Is the Sabbath for Today/Part 2

By: Dr. Robert A. Morey; ©2003
One of the arguments used by Sabbatarians is that God instituted Sabbath keeping as a “creation ordinance.” What is a creation ordinance, and does Sabbath keeping fit? Dr. Morey explains.

Part II—An Examination Of The Sabbatarian Arguments

The “The Creation Ordinance” Argument

The Sabbatarian Position—God instituted Sabbath-keeping as a creation ordinance.

Examination Of This Argument

What is a “creation ordinance?”
Answer: An activity or institution which God set up at Creation for all mankind to observe perpetually until the end of the world. Some of the obvious creation ordinances are activities such as work (Gen. 1:28; 2:15, 20) and the cultural mandate (Gen. 1:28) or institutions such as marriage (Gen. 2:8) and the family (Gen. 2:24).
What is needed exegetically to prove that Sabbath-keeping is a “creation ordinance?”
Answer: To prove that Sabbath-keeping is a creation ordinance, you must find in the cre­ation account itself one or more of the following things:
  1. A command given to man to keep a seven-day week.
  2. A command given to man to rest the seventh day.
  3. An example of man resting the seventh day.
  4. An explanation as to why man should rest on the seventh day.
The hard exegetical facts are that there is not a single command, example or explana­tion for Sabbath-keeping in the Creation account. There is absolutely nothing in Genesis 1- 3 or elsewhere to warrant the assumption that Sabbath-keeping was a creation ordinance. This Sabbatarian argument is not based on Scripture.
“But isn’t the Sabbath creation ordinance found in Genesis 2:1-3?”
Answer: No, the word “Sabbath” does not appear in the text. A Biblical-theological approach would show that Genesis 2:1-3 is Moses’ comment looking back to the creation period within the con­text of his own understanding of the Ten Commandments and not a reference to Adam’s understanding at the beginning of history. It does not say in the text that “man” or “animals” sanctified the day or that they rested. It is a simple statement that God’s immediate creative acts were over. That God “rested” is clearly an anthropomorphic [i.e. attributing human characteristics to God] statement, for God does not get tired and hence does not need rest.
“But the seventh day is mentioned. Doesn’t this prove that it is a creation ordinance?”
Answer: Not necessarily. Nudity and vegetarianism are also a part of the creation account. But who would claim these elements as creation ordinances just because they are men­tioned? Besides, the seventh day was hallowed, not the first day after the Sabbath (Greek, mia sabbaton), which is Sunday.
“But doesn’t Genesis 2:1-3 serve as a pattern or model for us to follow?”
Answer: We hope not. After God worked six days, He rested on the seventh day and He has been “resting” to this very time (Hebrews 4:10-11). God did not begin another cycle of six days’ work and one day of rest. Thus if man is to follow God’s example, then he would have to work six days at the beginning of his “career” and then rest until the end of his life!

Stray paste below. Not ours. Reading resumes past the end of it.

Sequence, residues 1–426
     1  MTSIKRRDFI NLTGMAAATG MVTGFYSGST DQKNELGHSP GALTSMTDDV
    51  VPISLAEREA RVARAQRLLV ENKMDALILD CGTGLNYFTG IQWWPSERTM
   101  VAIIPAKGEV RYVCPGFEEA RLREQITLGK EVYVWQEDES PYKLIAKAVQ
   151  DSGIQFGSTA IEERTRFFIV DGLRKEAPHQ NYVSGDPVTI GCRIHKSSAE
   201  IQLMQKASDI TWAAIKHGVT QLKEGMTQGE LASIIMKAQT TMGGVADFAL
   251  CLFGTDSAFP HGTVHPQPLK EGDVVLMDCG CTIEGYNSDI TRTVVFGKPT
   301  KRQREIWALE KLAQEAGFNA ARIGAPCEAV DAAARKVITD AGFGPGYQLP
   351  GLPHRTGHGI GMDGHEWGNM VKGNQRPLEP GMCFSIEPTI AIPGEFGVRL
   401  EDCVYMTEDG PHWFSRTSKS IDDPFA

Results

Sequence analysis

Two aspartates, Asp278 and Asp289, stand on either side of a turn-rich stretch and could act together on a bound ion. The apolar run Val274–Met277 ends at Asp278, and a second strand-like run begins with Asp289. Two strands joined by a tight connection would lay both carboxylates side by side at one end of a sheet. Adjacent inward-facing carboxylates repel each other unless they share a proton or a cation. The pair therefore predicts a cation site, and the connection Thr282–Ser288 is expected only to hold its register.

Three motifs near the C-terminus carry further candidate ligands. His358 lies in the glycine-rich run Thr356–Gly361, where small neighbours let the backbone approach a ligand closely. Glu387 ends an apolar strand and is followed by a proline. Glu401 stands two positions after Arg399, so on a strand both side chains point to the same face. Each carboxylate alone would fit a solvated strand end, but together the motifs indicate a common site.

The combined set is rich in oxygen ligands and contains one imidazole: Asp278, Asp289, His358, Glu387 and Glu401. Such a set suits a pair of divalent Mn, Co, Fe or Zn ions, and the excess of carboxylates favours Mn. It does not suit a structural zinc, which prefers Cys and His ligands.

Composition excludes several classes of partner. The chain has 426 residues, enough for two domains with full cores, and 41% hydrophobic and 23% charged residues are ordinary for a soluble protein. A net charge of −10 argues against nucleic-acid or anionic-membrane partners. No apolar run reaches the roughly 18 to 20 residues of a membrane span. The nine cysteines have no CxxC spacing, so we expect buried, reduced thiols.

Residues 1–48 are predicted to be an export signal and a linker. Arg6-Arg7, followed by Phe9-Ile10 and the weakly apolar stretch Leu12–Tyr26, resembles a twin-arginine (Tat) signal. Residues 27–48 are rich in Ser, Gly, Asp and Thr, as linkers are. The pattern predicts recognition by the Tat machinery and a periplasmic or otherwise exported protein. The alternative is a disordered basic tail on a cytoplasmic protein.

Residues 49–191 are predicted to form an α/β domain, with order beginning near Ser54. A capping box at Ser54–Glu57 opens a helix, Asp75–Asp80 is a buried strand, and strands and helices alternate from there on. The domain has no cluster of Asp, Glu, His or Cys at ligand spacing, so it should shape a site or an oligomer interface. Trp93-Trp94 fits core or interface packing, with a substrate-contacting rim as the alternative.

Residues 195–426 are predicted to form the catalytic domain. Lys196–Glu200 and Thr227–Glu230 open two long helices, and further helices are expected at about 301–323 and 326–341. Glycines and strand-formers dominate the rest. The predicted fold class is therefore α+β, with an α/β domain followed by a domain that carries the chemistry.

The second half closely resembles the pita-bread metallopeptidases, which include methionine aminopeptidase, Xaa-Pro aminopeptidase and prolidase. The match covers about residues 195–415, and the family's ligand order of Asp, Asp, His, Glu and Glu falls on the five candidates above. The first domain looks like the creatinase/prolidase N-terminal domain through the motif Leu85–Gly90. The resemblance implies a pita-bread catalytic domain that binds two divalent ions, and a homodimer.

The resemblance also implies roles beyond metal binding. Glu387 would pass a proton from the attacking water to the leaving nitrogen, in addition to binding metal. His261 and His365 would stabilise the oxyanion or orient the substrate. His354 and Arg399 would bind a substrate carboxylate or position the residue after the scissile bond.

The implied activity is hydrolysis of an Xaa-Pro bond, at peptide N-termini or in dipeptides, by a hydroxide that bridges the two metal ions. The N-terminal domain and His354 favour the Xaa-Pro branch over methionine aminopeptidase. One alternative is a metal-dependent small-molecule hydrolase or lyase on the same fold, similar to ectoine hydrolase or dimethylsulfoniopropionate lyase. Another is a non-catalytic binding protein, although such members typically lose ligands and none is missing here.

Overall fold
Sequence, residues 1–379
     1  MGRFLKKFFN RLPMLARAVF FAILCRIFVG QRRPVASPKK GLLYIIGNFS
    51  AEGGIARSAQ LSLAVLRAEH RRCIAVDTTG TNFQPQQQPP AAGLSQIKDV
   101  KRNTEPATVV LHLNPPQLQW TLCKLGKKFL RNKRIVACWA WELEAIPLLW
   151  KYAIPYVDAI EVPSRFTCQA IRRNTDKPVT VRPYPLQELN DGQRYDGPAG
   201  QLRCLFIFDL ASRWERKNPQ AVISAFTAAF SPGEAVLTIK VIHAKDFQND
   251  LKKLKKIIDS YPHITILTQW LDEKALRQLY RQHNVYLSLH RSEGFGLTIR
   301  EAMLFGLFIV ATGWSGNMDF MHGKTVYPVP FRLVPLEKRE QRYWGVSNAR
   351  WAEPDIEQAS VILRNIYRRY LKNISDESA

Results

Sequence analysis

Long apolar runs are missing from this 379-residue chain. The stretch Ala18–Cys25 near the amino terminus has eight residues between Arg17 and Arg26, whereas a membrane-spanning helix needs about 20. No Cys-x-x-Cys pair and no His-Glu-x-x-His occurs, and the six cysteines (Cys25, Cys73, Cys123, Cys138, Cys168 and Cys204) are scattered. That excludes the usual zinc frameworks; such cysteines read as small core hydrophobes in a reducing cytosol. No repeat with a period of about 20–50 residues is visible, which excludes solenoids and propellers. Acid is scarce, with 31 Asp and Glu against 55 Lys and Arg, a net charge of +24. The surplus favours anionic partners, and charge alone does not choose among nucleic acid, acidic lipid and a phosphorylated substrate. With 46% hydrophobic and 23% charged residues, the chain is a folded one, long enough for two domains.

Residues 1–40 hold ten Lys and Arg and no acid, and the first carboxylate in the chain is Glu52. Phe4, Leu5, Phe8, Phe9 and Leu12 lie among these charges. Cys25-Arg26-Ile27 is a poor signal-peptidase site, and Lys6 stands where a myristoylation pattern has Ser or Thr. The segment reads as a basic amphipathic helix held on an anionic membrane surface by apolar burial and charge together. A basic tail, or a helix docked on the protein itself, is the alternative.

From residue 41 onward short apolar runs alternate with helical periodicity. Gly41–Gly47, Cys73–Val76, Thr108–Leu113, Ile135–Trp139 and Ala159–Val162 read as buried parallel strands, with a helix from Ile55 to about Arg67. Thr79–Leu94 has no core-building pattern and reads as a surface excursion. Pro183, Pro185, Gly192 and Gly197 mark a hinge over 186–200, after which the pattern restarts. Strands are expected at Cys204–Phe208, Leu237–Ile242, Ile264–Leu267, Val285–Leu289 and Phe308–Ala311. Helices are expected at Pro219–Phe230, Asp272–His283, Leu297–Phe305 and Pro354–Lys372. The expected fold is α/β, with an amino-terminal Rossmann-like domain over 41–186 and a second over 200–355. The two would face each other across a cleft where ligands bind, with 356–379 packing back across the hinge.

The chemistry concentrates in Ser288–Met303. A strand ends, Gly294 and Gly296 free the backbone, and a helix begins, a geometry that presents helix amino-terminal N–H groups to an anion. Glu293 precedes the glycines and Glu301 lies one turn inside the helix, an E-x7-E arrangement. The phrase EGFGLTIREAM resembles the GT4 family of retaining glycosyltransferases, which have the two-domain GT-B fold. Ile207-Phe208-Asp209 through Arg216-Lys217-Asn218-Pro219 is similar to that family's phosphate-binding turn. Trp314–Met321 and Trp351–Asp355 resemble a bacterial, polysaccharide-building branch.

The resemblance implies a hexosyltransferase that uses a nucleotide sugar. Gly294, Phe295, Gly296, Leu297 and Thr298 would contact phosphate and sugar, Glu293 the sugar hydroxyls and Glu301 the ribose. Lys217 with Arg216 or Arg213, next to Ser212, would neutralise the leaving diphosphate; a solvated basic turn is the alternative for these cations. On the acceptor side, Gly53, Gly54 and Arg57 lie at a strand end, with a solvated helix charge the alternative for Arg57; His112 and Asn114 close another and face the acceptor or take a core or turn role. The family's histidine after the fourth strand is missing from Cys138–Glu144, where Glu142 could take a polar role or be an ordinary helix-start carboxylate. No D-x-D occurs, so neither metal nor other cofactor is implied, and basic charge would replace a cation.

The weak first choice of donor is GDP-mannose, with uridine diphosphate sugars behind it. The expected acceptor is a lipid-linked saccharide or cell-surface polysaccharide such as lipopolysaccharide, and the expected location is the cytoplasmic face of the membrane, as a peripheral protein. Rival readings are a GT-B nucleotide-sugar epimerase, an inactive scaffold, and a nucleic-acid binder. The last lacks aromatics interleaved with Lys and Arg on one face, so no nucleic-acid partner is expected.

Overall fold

At any rate, to prove that Sabbath-keeping is a creation ordinance, we must be shown an example of man’s keeping of it. Since this is true for any other creation ordinance, why should Sabbath-keeping be exempt from this rule of faith?
Also, Adam would have never been able to observe a proper Sabbath because God’s seventh day was only Adam’s second day, whereas Adam’s seventh day was God’s fifth day. Which seventh day did Adam observe?
If Genesis 2:1-3 is a creation ordinance, then the seventh day is the permanent Sab­bath, for the text does not say, “God sanctified one day out of seven,” but, “God blesses and sanctified the seventh day.” Christian Sabbatarians always overlook this fact.
All the Biblical passages, such as Nehemiah 9:5-38 (cf. vs. 13-14), which give us a summary of redemptive history, always place the beginning of the Sabbath with Moses and not Adam. If Sabbath-keeping began at creation, surely the Scripture would have placed it there when surveying the history of the world, but it does not.
There is no mention of a seven-day week as being commanded or observed in the Genesis account of creation. No example, command or precept can be given from Genesis 1-3. While a seven-day week appears later on in redemptive history, there is no evidence that Adam or Eve observed such a measurement of time.
“I was told that all ancient cultures followed a seven-day week. Is this true?”
Answer: No, it is not true. Anthropology and archaeology have proven conclusively that various ancient cultures used different ways of measuring time (13-day week, 9-day week, etc.). If the Sabbath were a creation ordinance, surely it would have been observed by ancient cultures just as they observed all other valid creation ordinances. A true creation ordinance is universal, but Sabbath-keeping is not.
“But don’t men and animals have a natural seven-day cycle?”
Answer: No, they don’t. Various psychological tests have also shown that there is no biological time rhythm or clock for a seven-day week in man or animals. Extensive tests have been done with isolated men and animals to see if there is a built-in time clock. The evidence is conclusive that neither man nor animals are Sabbath-keepers by nature or being.
Sabbath-keeping does not have anything to do with the psychological or physiological well-being of man. Men and animals normally rest in their work instead of from their work. The classic Sabbatarian argument which claimed that Sabbath-keeping is physically consti­tuted in men and animals should be laid to rest forever.

To be continued. Next time we will look at the “Moral Law” argument.

(From Robert A. Morey, Is the Sabbath For Today? (Research and Education Founda­tion, 1995). Used by permission.)


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